Oil accidents prompt Danish industries and research to cooperate on new groundbreaking sonar technology.
For the first time ever it will be possible to get a detailed picture of oil in the water column and on the seafloor. The technology will be able to prevent fatal environmental disasters caused by oil extraction – as recently seen in the Gulf of Mexico – in areas such as Greenland.
A consortium comprised of RESON A/S and Center for Energy Resources Engineering at The Technical University of Denmark (DTU-CERE) has received the acceptance of a project under the Danish National Advanced Technology Foundation (Højteknologifonden). The project deals with the use of advanced sonar technology for the detection of oil in sea water. A reliable detection and mapping of oil in sea water will have a revolutionary effect on the recovery efficiency in the wake of an oil accident – for the benefit of the fishery, the coastal areas, and the environment in general.
The accident with the oil rig Deepwater Horizon in the Gulf of Mexico was one of the biggest oil disasters in history. More than 4.9 million barrels of crude oil spilled into the ocean. Following concentrated efforts an estimated 0.8 million barrels have been collected. More than 4 million barrels of crude oil have never been collected. In 1979 a similar accident occurred in Mexico when a total of approx. 3.0 Mio barrels of crude oil poured into the ocean. Only a small part of the oil was recovered with the consequence that marine life more than 30 years later is still affected. Contrary to earlier theories, after the Deepwater Horizon accident the oil is also present in great volumes below the surface. This may in part be contributable to the use of dispersing agents (which make the oil sink and mix with water) in connection with the recovery process, but a lot indicates that we have a limited knowledge about deep-water oil leaks, as was the case with Deepwater Horizon.
Today, new oil deposits are often found on deep waters. In September, the Scottish firm Cairn Energy and Nunaoil found an oil deposit west of Greenland on about 500 meters’ depth. An oil leak in Arctic regions will most likely have even greater catastrophic consequences than is presently seen in the Gulf of Mexico. The oil find in Greenlandic waters increases the necessity for efficient methods of detecting oil in the water column in order to enable an early and effective recovery in the case of an oil spill.
There are currently no methods to efficiently map oil in the water column or on the seafloor. An anonymous representative of a leading recovery company states: “During the recovery of oil spills recovery rates vary greatly; in very successful operations the rate may be as high as 98%, but in more complicated scenarios with submerged oil the recovery rate is very low, with 10% typically being considered very successful. An efficient technology as the suggested sonar technology will improve the recovery rates immensely, as it addresses one of the key challenges of cleanup operations, localizing the oil.”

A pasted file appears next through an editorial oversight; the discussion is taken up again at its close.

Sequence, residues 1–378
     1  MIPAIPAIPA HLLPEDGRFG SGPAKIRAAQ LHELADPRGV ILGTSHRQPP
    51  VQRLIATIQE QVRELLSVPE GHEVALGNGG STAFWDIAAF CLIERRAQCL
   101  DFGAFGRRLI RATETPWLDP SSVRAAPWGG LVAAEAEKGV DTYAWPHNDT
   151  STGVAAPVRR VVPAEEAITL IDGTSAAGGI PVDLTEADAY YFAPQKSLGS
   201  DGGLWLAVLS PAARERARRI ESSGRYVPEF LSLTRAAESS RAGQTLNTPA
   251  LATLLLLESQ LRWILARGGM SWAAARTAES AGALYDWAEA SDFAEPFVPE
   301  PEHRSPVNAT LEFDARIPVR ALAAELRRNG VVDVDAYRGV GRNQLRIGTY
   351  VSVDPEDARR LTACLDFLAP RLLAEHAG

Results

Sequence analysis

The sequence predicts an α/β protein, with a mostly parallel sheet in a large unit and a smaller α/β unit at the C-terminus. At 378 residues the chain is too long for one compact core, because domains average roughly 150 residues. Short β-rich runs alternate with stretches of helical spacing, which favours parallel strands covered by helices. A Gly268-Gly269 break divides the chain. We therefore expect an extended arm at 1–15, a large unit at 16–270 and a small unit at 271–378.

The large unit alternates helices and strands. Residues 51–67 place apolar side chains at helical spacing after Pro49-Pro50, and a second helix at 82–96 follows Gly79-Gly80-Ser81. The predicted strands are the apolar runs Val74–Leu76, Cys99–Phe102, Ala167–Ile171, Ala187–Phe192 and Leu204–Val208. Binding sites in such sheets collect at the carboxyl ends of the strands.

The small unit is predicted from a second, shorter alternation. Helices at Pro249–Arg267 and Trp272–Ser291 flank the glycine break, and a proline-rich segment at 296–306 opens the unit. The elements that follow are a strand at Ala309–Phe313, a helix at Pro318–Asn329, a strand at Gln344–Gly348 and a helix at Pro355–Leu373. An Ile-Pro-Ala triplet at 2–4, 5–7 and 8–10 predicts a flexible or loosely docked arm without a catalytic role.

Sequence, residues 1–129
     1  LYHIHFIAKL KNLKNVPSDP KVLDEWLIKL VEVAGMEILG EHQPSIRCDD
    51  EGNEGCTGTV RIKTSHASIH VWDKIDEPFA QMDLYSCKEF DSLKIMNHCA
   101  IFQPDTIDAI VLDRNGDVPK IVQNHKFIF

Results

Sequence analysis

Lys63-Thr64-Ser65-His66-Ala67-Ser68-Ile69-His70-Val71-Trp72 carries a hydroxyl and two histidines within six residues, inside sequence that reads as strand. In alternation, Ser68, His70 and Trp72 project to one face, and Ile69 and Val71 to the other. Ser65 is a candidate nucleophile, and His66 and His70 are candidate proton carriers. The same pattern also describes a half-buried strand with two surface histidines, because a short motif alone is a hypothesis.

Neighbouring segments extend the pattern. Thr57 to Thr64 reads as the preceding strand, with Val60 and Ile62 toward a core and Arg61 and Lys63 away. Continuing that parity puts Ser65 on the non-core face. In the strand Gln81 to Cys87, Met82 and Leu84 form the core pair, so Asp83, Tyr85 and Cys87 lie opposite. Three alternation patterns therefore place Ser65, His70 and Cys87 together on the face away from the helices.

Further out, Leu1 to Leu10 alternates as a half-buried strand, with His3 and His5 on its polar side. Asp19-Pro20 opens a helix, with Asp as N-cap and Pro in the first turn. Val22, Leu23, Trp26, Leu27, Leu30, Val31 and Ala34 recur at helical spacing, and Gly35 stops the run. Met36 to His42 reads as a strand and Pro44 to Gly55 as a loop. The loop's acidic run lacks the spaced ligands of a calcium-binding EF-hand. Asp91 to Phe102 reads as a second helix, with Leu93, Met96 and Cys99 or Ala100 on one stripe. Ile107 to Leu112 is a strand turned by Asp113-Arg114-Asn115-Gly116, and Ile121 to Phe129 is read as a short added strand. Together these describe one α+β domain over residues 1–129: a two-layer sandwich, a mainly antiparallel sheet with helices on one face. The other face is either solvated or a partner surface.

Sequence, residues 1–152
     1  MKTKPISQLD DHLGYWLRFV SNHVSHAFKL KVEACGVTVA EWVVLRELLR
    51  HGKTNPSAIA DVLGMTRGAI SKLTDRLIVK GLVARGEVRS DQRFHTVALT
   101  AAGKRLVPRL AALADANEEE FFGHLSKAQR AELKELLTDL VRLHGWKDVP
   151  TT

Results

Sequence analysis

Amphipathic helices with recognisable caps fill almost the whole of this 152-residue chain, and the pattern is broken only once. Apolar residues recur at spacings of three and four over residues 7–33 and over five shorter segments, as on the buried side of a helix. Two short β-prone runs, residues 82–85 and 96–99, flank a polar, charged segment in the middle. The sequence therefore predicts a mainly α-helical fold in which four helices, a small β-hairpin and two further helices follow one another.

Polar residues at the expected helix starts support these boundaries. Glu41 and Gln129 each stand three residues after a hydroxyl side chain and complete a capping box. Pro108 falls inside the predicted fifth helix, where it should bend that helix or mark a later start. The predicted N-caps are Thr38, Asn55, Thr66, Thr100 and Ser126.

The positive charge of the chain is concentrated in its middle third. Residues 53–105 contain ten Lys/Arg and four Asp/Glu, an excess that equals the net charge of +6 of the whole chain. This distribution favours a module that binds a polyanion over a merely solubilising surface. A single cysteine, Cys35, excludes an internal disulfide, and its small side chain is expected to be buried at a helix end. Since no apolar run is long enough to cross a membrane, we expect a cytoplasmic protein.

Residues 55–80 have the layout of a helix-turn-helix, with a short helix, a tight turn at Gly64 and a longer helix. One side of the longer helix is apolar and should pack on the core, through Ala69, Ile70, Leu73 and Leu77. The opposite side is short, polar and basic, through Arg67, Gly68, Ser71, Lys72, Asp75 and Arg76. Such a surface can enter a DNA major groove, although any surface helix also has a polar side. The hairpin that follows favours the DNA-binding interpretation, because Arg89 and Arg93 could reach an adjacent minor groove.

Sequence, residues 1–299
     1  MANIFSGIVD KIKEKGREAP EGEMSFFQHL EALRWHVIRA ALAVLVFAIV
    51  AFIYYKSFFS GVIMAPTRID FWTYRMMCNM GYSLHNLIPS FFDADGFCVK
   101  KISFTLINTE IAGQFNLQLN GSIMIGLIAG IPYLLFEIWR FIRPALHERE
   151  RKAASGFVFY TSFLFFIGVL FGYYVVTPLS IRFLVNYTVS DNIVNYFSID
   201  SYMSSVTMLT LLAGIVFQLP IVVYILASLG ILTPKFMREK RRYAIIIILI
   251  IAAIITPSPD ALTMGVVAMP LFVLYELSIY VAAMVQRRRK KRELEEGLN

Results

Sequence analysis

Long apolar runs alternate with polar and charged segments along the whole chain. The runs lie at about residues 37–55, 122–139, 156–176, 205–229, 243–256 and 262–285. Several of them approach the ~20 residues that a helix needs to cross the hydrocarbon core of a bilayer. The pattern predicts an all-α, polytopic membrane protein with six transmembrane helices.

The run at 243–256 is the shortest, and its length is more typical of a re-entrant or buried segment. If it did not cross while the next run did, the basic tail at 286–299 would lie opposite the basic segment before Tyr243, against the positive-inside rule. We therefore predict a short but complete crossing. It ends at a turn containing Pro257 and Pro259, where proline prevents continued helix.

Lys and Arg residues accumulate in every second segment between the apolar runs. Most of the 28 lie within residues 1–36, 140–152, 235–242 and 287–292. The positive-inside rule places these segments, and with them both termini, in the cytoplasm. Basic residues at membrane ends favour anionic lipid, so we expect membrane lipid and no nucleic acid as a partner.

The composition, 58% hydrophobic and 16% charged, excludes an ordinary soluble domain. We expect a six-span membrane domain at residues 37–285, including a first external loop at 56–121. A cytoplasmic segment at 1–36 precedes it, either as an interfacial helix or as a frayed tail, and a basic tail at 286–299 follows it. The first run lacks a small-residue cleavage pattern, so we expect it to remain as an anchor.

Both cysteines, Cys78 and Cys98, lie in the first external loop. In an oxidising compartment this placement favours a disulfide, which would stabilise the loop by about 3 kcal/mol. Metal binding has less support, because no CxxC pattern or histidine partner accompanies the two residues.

The goal of the project, to begin on 1st February 2011, is to develop an efficient method of imaging oil in the water column, enabling recovery companies to remove as much oil as possible after a leakage. During the course of the project CERE DTU Chemical Engineering will develop a model of oil-contaminated sea water; based on this model RESON A/S will in collaboration with CERE DTU Informatics develop an efficient detection method, which based on sonar technology can perform a reliable detection and consequently mapping of the oil-contaminated areas.
RESON A/S is communicating with a couple of the most successful recovery companies, Cashmann Industries (recovered approx. 75% of the oil after the Deepwater Horizon incident) and Marine Pollution Control (more than 40 years’ experience in the oil recovery field, incl. recovery after the Exxon Valdez incident). Both companies believe that an effective detection of oil in the water column will revolutionize the recovery efficiency. The cooperation is a continuation of RESON’s already considerable efforts in the area which include a close cooperation with the US Coast Guard during the last couple of years. In Denmark RESON A/S is known for hydrophones for use in areas such as marine biology. Internationally, RESON A/S is known for advanced sonar technology with a wide range of applications for harbor surveys, the offshore industry, and hydrography in general. “We are today a leader in the field of detecting elements in the water column, even at great depths, through the use of advanced sonar technology. Through this development project – funded by the Danish National Advanced Technology Foundation (Højteknologifonden) – we will give Denmark a central location on the map as the leading nation in detection of oil in the water column and we will consequently be able to revolutionize the recovery efficiency after oil disasters,” says Kim Lehmann, CEO in RESON.
Source:Reson, December 19, 2010;